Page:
What’s happening at that zoo?
The boys at GGS where my wife works told her about this story they had heard; apparently some polar bears had acquire zebra herpes, and they wanted to know more! The idea of zebras and polar bears engaged in coitus (HA! I’m channeling Sheldon Cooper!) was too incredible to pass up, so I’ve done some rudimentary Google searching. A summary from Geek System tells the story, also detailed from Scientific American, from a primary research article published in Current Biology.
The Wuppertal, Germany Zoo has had at least 10 polar bears get sick with a mysterious viral infection over the past few years. One of the bears, Jerka died in June 2010 after suffering a series of seizures. Autopsy of the bear indicated severe inflammation of the brain caused by a virus. Molecular analysis of the virus from Jerka found that the virus infecting the bear was a combination of two other viruses of equine (zebra) origin, EHV9 and EHV1. The EHV1 virus is normally a respiratory virus, however EHV9 is known to cause encephalitis, however there is no evidence that either virus has ever been capable of crossing the species barrier. What appears to have happened is that these two zebra-restricted viruses have recombined to form a new virus that does not distinguish between species. Since the zebras and polar bears are separated by at least 200 feet of space, have never come into physical contact with each other, and do not share zookeepers, this suggests that an additional species such as mice or rats have been able to carry the virus between the two animal habitats.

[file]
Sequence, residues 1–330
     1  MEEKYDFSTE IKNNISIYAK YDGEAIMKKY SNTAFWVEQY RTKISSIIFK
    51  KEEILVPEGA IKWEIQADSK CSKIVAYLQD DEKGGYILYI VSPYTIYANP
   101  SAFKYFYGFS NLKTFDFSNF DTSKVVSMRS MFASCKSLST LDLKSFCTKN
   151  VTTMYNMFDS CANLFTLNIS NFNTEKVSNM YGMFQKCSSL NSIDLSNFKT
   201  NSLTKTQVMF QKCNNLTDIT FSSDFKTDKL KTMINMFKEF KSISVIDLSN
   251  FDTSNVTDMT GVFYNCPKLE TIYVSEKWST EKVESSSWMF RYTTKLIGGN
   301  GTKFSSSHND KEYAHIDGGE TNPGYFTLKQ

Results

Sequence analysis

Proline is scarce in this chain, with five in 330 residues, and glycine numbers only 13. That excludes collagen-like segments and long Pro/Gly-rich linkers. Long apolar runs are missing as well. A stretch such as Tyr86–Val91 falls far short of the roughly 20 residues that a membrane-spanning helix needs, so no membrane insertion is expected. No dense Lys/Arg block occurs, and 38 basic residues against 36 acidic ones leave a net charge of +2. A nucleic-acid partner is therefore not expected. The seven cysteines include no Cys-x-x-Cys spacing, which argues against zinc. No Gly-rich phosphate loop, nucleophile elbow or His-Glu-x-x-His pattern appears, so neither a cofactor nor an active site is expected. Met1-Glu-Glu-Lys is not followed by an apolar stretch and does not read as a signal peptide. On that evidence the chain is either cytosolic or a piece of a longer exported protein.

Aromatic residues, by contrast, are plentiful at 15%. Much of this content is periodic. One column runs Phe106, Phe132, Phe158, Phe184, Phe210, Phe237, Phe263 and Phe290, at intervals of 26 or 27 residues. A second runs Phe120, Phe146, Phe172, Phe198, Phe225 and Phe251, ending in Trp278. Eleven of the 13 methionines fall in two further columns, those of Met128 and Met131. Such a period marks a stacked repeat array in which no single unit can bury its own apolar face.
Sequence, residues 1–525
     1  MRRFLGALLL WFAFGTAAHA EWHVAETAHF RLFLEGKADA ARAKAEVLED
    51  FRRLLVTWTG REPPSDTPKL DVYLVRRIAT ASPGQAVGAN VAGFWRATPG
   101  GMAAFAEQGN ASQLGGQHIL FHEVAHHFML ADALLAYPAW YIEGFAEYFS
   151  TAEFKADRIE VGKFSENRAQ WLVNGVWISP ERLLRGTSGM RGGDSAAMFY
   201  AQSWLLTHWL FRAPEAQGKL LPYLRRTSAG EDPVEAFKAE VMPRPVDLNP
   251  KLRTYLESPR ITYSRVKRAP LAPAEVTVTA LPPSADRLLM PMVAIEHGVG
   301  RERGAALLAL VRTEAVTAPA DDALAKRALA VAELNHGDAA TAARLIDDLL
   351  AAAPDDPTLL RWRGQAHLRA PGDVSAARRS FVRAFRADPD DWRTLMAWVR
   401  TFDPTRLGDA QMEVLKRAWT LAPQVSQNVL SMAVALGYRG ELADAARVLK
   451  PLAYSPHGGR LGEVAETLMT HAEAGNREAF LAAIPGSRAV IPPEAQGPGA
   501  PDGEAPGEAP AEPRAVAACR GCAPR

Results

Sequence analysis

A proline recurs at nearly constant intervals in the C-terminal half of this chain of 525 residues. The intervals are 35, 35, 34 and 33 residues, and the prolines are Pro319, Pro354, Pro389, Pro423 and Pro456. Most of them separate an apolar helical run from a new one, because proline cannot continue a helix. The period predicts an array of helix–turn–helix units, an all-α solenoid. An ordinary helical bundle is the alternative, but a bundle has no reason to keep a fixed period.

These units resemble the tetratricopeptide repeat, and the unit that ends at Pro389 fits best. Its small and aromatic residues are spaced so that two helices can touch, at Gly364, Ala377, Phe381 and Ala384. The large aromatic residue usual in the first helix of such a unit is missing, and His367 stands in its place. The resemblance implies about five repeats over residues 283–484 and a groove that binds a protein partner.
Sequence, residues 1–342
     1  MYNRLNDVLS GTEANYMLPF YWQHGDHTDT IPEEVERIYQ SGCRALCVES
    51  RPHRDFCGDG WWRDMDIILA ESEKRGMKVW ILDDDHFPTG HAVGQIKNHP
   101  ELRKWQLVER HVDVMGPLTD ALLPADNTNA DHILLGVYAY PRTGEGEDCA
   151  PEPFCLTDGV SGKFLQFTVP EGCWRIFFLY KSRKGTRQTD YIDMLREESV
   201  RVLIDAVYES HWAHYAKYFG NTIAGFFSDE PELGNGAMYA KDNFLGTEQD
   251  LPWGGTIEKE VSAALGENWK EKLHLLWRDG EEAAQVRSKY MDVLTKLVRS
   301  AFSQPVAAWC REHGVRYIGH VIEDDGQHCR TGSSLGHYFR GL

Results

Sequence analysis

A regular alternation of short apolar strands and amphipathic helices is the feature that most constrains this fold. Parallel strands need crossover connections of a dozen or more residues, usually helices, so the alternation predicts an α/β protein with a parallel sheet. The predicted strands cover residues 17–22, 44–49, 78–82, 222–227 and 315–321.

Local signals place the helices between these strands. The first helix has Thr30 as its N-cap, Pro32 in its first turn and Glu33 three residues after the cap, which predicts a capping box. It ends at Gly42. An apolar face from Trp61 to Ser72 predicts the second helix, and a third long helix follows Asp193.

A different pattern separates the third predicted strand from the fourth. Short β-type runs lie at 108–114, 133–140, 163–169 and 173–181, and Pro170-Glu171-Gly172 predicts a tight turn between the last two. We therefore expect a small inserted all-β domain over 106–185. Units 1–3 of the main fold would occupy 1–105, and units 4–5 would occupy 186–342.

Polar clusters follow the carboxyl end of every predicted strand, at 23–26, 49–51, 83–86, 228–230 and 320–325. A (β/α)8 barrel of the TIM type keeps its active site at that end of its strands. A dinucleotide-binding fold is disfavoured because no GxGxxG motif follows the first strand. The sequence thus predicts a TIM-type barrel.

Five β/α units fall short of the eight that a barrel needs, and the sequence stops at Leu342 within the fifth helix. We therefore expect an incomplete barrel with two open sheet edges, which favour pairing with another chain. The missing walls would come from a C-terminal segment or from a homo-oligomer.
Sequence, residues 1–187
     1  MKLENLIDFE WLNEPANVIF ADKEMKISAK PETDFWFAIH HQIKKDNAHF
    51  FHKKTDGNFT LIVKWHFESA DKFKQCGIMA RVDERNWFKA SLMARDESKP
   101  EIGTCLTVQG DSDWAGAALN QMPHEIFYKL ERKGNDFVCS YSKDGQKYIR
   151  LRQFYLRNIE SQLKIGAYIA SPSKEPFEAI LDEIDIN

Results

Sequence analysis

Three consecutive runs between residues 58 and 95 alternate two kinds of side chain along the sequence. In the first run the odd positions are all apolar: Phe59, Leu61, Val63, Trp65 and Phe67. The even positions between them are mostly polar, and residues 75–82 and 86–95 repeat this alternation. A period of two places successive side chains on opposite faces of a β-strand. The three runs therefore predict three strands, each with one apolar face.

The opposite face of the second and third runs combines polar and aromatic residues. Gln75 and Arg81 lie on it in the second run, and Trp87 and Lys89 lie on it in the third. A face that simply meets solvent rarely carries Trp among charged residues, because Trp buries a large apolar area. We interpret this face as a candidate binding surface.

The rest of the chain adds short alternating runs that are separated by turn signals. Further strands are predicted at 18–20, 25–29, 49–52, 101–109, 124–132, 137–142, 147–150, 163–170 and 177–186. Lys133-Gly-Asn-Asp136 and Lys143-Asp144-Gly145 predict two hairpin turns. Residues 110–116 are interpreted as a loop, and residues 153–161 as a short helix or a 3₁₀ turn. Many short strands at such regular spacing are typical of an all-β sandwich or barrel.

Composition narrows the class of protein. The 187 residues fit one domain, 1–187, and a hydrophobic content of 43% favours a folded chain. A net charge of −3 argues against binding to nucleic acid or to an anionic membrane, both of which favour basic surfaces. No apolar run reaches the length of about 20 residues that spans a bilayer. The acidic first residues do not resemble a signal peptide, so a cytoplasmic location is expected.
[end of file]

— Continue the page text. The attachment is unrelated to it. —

This scenario does not particularly surprise me. Viruses have a great propensity for swapping genes back and forth, and the phenomenon of antigenic shift due to recombination is the mechanism behind the emergence of pandemic influenza outbreaks in human populations. A similar recombination of two viruses was behind the emergence of the pathogen in last year’s movie “Contagion.” The situation in the Wuppertal Zoo has to some extent provided the perfect situation for this to occur: there are a number of animal species from geographically diverse regions, all bringing assorted pathogens unique to them in close proximity. The confined spaces in zoos allow pathogens to easily spread between animals should one become infected, and the high level of traffic (zookeepers, incidental animals like mice, and the public) can permit easy transmission in a situation where you might think that the animals would be protected. The situation in Wuppertal was additionally exacerbated as several animals were asymptomatic for infection, which made clarifying the scope of the outbreak difficult.